A deluge of internet use is about to hit the United States in the coming months. While the world was watching the election the FCC set in motion a chain reaction that will open the floodgates of high speed internet access. It has been repeatedly pointed out recently that the US is trailing other developed countries in terms of high speed internet access per inhabitant also called broadband penetration. However, if technology is quick enough on the uptake this lag should be overcome in the near future. When I was a child our family had television reception only through the "antenna." We received ABC, CBS, NBC, and PBS. That was it. All the remaining channels were white fuzz. On November 4th 2008 the FCC voted to open these so called "white spaces" for high speed internet access nationwide! What does this mean? It means watch out because Comcast, Time Warner, Verizon, AT&T, and the lots of communications big wigs are going to be acting like grumbling giants having their precious' taken from them. I don't know if these large telecom companies will have a head start in offering internet service through the giant wireless towers once designated solely for television signals. What I do know is that people will finally be able to simply purchase internet access alone. Gone will be the days of getting swindled into paying for basic cable or a phone line just because one wants internet access. This will bring the web to more households than ever before. Whole counties will become like coffeehouse "hot spots." Accompanying this flood of access will be a flood of usage and this will hopefully end any bureaucratic opacity the Bush administration has held onto for the last eight years. The CEO of Google, Eric Schmidt, discusses with Ariana Huffington what increased internet use has done for politics and will continue to do to keep government honest. The age of citizen-fact-checkers is upon us. May we all stay skeptical and do our homework.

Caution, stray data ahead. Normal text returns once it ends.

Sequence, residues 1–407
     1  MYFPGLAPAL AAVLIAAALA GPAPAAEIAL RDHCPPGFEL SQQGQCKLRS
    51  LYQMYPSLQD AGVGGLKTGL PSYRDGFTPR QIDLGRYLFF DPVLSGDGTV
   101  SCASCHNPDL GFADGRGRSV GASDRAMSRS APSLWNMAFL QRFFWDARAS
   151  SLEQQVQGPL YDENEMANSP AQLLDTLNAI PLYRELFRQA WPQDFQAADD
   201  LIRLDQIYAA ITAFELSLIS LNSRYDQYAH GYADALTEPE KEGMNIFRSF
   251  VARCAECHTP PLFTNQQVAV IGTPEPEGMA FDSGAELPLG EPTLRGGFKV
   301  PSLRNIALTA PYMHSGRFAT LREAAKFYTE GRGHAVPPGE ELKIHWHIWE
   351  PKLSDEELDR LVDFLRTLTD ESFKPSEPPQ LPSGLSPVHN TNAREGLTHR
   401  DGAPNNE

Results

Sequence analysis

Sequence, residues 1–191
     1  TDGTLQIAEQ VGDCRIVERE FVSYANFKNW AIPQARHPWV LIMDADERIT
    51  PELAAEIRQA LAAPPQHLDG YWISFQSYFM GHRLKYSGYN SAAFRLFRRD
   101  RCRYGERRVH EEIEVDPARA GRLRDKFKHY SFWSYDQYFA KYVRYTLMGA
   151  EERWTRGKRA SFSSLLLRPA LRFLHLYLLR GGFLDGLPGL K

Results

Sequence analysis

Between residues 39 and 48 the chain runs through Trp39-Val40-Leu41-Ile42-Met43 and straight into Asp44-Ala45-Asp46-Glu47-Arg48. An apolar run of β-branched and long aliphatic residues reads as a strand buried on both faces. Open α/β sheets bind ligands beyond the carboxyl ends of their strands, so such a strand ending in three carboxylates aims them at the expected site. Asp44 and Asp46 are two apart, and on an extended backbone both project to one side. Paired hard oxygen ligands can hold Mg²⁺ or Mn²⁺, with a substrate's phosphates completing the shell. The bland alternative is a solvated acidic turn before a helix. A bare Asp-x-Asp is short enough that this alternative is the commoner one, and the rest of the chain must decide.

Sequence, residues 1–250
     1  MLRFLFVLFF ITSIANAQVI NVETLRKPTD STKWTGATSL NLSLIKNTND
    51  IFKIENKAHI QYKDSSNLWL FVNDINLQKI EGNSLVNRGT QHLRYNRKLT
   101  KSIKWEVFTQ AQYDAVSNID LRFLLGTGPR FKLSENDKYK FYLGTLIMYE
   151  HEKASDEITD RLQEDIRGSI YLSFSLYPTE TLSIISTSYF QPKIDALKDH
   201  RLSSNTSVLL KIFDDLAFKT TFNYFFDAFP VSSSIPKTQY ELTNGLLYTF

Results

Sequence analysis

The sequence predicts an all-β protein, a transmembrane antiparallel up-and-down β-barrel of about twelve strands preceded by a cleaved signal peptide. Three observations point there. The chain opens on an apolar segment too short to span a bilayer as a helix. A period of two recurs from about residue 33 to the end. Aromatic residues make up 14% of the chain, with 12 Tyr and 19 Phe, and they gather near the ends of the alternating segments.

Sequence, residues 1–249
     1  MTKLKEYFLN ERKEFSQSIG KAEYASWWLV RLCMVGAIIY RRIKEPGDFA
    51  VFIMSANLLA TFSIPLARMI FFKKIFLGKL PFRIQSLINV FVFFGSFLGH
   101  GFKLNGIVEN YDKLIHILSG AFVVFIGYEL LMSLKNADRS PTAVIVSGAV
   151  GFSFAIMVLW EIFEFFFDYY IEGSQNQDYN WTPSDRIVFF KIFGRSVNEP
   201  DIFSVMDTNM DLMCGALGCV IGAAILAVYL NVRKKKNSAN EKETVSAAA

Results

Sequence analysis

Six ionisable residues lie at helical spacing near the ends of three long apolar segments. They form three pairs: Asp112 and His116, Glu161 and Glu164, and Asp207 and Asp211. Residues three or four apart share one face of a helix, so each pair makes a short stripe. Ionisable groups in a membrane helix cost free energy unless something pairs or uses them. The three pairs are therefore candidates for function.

Amy Goodman at Democracy Now had the wherewithal to report on this momentous vote by the FCC despite being drowned-out by the signal to noise ratio of this year's historic election. She talks here with Timothy Karr of the media reform group Free Press.